Dominic Marceux: I think that’s definitely accurate. I was super influenced by super Nintendo game called ‘Top Gear’, not the show. But if you listen to the musical composition it’s really amazing. I think in part, I am inspired by that but made by this old gear – you know? Like that’s a real 909 and this old Roland MC99. And never having used hardware in that combination it gave birth to that particular sound that I’ve never heard before. This real authentic house music.
DnM: Well yeah it is like original house, you could compare it some original Bangalter or something.
Dominic Marceux: My fans have given me such a boost. I would post photos on Instagram, of this hardware, with a hashtag of the gear ‘mc900’ and it’s really funny to see people around the world write in about the gear. It’s a small spark in it’s early days of the project. But it’s really really neat to see.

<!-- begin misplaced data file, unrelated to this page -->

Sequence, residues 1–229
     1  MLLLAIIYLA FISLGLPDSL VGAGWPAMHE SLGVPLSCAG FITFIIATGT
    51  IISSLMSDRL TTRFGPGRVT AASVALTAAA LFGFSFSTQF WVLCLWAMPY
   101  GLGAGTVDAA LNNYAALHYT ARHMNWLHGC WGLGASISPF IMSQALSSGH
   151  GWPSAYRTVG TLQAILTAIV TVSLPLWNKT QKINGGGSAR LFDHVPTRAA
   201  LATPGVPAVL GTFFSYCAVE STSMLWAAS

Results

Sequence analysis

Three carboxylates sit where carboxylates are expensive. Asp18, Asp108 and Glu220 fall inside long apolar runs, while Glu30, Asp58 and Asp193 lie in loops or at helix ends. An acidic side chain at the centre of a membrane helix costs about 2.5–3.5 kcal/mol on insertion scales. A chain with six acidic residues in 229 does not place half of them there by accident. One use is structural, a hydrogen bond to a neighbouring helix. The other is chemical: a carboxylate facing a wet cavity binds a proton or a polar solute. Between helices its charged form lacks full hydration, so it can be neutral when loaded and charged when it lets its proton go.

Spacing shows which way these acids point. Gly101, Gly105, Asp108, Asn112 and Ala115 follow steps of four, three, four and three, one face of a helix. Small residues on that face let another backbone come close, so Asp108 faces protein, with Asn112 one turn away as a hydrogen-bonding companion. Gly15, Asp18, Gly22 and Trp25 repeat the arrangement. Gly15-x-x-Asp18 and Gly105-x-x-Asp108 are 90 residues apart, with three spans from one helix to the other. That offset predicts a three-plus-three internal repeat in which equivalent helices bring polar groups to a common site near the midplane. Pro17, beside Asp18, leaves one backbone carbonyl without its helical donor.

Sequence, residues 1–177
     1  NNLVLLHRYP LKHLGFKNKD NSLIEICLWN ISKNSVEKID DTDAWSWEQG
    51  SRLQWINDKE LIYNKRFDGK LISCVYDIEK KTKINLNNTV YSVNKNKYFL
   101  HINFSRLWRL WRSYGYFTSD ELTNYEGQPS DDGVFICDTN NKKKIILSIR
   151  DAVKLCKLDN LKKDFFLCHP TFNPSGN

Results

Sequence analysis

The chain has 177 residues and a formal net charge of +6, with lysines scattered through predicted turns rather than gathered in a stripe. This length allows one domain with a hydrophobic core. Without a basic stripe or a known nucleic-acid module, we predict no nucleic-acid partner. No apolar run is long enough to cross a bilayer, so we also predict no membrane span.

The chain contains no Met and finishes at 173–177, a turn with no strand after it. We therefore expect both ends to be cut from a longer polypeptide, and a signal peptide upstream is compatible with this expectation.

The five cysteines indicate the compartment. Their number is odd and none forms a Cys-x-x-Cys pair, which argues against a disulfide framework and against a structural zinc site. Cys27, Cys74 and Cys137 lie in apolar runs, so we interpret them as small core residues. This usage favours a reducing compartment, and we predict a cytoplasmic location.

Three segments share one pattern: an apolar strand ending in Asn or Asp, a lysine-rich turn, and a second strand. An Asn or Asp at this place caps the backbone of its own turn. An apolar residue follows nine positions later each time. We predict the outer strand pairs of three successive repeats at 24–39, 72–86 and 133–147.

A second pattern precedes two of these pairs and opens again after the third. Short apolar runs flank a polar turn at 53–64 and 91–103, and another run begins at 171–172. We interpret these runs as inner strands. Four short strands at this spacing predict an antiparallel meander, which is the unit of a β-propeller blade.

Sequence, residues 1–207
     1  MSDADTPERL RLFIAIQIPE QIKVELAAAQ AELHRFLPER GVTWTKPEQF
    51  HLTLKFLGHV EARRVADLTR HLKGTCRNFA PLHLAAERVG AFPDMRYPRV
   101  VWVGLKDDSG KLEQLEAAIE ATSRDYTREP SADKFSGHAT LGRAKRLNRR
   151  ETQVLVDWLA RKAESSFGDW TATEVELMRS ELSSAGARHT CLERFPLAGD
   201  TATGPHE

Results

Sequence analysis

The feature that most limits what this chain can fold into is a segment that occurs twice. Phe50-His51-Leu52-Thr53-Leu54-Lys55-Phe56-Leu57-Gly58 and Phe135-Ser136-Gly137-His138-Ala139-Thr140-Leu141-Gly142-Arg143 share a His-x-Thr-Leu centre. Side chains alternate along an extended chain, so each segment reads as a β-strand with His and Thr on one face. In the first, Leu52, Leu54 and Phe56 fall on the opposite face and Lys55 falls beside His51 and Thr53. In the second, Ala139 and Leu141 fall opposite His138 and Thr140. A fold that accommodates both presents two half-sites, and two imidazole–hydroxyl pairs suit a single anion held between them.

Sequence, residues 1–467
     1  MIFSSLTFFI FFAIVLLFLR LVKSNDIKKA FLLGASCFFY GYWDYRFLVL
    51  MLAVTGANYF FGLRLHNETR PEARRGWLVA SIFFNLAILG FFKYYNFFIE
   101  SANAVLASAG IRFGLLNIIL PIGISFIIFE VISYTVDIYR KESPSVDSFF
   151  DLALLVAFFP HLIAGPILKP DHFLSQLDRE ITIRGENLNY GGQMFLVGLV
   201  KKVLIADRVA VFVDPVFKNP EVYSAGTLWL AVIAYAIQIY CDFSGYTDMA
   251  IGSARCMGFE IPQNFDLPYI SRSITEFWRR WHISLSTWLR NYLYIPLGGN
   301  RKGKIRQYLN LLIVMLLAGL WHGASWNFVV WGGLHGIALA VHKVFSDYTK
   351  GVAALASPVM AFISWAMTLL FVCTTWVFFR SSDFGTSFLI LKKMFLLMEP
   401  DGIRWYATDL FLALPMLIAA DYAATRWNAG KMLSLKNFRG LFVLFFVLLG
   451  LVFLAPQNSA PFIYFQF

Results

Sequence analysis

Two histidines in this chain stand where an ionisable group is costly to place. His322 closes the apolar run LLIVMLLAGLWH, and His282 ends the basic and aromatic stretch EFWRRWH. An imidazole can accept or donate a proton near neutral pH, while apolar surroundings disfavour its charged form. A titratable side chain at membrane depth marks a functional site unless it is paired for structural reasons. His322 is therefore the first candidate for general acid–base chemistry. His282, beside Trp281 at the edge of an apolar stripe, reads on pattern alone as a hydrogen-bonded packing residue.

DnM: That’s awesome, it’s cool that all these people are finding your music through the appreciation of old hardware. But, the question that always drives us is ‘why’? I mean you have had a metal band, then Secret Handshake, did Mystery Skulls and an endless list of features. So, why shift gears? Pun intended. Why ditch everything and go ‘I’m going to make true house on old analogue hardware, give up what I typically do and do this instead.
Dominic Marceux: I don’t know if I would put it that way. Mystery Skulls is still alive and well and means a lot to a lot of people. It’s definitely a great output and it’s fun and personal, slightly auto-biographical. Much in the same way this music provides an opportunity to express a different version of me. You know? Secret Handshake was a different version of me, a younger more immature version. Mystery Skulls explored a lot of my relationships. In some weird way, this is the next version of me.